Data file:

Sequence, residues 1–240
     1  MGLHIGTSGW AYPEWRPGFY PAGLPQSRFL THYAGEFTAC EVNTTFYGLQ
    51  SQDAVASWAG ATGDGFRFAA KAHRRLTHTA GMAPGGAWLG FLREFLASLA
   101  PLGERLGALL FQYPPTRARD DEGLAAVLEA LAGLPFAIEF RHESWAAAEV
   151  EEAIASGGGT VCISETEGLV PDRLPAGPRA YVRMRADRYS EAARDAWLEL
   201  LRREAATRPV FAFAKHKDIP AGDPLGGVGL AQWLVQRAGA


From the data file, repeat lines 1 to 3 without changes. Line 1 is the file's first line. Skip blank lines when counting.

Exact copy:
Sequence, residues 1–240
     1  MGLHIGTSGW AYPEWRPGFY PAGLPQSRFL THYAGEFTAC EVNTTFYGLQ
    51  SQDAVASWAG ATGDGFRFAA KAHRRLTHTA GMAPGGAWLG FLREFLASLA